They bring it up a lot. Compare it with how many times they bring up individual cases that involve Muslim perpetrators, when discussing sex offences. Hardly ever to none at all.
Something that strikes me about the transgender phenomenon. Why do you think it is that trans-gender men-to-women think of femininity as putting on ‘glamour-girl’ attire, and lipstick? It seems such a superficial concept.
As Sarah Ditum sort of said on TBQs, there is something vaguely misogynistic about the whole thing. At least I think that's what she was getting at. Most trans-gender men seem to view ‘being a woman’ in an entirely different way from the way biological women think of ‘being a woman’. Men’s idea of ‘being a woman’ seems to be based on an masculine fantasy world. High-heels and a mini skirt and Bob’s your auntie.
In real life being a woman actually boils down to things like taking responsibility for cleaning the toilet and the kitchen floor. Stuff like that. And not having much time to blog.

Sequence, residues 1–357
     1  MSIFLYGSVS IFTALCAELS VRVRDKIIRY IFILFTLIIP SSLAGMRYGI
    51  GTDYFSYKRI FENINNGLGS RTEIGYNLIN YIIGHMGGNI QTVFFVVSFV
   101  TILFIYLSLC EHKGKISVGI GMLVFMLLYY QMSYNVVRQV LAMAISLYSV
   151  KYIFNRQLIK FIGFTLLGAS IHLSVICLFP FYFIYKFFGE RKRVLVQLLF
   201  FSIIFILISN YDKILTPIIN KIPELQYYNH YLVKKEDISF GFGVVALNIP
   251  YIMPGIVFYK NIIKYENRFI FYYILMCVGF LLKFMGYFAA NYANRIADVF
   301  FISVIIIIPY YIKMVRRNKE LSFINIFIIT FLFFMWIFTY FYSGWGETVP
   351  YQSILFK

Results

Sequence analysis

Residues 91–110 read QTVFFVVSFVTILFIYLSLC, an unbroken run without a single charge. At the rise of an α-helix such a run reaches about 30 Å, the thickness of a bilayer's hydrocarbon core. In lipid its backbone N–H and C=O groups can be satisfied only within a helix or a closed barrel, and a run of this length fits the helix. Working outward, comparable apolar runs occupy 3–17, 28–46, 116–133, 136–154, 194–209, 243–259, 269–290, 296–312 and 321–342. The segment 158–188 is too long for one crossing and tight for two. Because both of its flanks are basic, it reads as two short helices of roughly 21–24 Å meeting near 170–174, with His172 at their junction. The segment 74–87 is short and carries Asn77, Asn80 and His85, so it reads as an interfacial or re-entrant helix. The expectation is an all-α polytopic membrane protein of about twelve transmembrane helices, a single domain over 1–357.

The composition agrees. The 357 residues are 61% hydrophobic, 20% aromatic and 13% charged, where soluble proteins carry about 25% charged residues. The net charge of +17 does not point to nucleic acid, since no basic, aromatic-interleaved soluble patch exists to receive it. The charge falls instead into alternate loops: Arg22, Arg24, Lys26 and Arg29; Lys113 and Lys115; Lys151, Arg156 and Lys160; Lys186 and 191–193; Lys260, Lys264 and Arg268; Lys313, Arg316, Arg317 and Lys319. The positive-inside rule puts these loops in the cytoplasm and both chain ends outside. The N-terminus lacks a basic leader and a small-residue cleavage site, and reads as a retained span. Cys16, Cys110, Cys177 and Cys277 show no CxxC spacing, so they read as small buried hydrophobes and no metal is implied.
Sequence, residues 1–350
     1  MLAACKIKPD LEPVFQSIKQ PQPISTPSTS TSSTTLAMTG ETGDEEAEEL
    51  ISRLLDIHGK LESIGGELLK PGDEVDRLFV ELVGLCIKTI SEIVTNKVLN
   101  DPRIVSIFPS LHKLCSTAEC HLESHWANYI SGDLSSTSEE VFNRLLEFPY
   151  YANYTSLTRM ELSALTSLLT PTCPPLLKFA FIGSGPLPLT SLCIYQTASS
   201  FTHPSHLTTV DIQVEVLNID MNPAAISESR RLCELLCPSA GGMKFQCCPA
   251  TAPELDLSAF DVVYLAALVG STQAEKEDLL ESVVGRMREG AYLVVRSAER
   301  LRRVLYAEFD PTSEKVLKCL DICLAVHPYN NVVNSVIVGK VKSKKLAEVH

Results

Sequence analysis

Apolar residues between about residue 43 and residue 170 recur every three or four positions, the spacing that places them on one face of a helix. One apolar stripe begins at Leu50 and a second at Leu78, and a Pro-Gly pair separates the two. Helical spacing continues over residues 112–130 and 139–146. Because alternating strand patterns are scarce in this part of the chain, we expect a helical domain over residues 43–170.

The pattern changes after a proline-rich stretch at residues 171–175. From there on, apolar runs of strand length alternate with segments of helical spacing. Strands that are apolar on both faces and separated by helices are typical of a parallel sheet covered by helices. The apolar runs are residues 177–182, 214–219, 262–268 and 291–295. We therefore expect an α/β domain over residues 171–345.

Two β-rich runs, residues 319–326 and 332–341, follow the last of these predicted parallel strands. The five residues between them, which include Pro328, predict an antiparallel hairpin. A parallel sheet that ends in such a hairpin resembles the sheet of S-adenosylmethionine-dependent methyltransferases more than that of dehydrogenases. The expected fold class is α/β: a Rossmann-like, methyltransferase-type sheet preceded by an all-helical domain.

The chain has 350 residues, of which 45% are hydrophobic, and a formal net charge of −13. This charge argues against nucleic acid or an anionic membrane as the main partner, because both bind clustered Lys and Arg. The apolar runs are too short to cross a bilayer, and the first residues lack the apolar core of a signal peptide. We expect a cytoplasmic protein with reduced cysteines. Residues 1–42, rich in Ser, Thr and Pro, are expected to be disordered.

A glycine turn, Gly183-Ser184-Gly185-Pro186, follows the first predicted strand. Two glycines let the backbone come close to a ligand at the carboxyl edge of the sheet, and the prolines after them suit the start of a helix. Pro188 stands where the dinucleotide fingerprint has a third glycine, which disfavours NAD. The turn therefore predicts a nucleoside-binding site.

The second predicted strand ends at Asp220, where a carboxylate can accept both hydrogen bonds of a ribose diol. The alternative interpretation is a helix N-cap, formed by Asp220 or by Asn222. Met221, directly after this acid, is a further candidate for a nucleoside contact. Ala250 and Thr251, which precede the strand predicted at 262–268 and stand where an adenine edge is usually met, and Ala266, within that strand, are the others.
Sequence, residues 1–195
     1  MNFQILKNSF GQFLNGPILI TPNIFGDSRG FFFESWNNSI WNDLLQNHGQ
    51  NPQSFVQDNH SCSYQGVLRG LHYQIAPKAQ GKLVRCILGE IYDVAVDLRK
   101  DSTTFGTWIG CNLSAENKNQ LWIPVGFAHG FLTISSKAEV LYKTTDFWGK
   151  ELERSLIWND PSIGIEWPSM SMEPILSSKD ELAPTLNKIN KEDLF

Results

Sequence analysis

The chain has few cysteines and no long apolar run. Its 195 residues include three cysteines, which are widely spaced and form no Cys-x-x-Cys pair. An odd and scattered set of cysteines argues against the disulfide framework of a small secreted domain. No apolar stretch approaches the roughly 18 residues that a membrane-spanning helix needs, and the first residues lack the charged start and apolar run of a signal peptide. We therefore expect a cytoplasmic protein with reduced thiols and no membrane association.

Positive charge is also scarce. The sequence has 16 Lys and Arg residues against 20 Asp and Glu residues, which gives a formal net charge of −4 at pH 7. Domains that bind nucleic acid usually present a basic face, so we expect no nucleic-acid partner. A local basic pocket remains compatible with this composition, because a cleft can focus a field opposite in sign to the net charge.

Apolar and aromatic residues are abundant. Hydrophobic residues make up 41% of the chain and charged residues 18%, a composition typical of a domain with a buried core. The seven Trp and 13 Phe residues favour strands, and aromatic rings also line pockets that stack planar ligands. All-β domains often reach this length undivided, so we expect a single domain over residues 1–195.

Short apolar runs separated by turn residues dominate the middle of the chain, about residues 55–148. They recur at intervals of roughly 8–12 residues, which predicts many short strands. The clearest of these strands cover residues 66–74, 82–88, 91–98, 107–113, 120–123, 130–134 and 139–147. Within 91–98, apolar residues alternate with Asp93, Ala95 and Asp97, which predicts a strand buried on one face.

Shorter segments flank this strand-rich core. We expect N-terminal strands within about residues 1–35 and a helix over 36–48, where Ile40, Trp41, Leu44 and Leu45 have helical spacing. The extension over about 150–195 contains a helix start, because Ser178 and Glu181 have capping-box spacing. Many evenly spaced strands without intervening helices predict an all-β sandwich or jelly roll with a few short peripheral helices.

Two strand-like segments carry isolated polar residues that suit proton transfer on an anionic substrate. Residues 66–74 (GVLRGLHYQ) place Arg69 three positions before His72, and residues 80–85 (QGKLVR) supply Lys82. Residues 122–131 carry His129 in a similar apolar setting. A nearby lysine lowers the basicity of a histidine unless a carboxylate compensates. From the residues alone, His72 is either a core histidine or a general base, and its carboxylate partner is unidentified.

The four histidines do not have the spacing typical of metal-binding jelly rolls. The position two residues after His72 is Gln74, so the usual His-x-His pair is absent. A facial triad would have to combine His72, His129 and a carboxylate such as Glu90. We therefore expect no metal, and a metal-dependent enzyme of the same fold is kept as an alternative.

I know that society puts pressure on both sexes to behave in certain stereotypical ways, which make some of us feel inadequate, but if you ask me, that’s what needs to change. Let us all be what we want to be as best we can. Let’s let men dress up as girls and use the women’s bog, and don’t make them feel they have to shoulder the woes of the world if they don’t feel up to shouldering them. Never mind what gender you are. Fill the role that suits you. But please let’s not call men ‘women’ and mothers ‘fathers’ and don’t deny biology.
By the way, I must declare a complete lack of interest in this topic, so feel free to ignore the whole of the above. As if you wouldn’t.
I wonder why Daniel Hannan thinks we should have cheaper child care? Does he think the quality of child care is less important than a woman’s ability go to work? I never understood the political drive to get more women out to work anyway. If child care was cheap, i.e. poorly paid, what sort of individual would do it? If it was government-subsidised, it would be a burden on the taxpayer, i.e. the woman who was thus enabled to go out to work. Seems altogether futile and pointless and thoroughly wrong-headed. I can’t see why we’re officially supposed to aspire to it.
Sorry for returning to familiar topics. X